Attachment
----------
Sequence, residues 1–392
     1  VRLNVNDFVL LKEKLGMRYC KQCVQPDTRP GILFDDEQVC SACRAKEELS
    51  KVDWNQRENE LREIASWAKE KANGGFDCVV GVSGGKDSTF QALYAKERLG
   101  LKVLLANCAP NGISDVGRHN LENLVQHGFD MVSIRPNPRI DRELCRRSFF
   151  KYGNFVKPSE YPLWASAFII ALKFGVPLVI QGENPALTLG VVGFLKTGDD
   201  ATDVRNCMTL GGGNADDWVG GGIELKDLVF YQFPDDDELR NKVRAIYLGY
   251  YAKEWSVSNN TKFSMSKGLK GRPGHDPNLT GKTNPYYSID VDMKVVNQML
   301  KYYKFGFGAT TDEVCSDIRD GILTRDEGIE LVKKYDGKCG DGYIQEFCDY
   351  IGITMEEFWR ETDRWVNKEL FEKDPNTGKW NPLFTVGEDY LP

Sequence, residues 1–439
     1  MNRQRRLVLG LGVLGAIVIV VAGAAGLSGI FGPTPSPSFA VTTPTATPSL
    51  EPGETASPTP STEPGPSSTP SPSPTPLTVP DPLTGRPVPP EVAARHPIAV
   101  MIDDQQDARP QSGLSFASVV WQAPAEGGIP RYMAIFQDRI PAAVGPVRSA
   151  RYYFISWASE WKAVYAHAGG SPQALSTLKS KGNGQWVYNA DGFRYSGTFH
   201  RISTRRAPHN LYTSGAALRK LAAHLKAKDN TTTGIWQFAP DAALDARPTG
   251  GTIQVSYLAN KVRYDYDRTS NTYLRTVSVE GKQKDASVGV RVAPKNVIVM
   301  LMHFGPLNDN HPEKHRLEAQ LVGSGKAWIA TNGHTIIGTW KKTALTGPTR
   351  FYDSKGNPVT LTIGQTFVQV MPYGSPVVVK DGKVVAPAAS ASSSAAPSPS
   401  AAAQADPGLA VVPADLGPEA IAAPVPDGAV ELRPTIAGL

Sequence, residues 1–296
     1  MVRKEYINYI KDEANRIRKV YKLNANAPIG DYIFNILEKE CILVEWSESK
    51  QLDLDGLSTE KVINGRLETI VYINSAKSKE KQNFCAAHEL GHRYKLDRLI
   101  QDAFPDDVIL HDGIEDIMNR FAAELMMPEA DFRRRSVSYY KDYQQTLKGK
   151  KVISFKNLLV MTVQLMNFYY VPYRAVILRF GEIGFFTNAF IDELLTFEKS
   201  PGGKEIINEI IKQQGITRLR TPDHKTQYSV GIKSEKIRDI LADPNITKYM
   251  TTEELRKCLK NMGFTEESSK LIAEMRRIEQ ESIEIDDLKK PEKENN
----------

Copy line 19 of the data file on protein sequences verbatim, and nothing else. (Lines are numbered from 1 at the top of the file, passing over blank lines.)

   401  AAAQADPGLA VVPADLGPEA IAAPVPDGAV ELRPTIAGL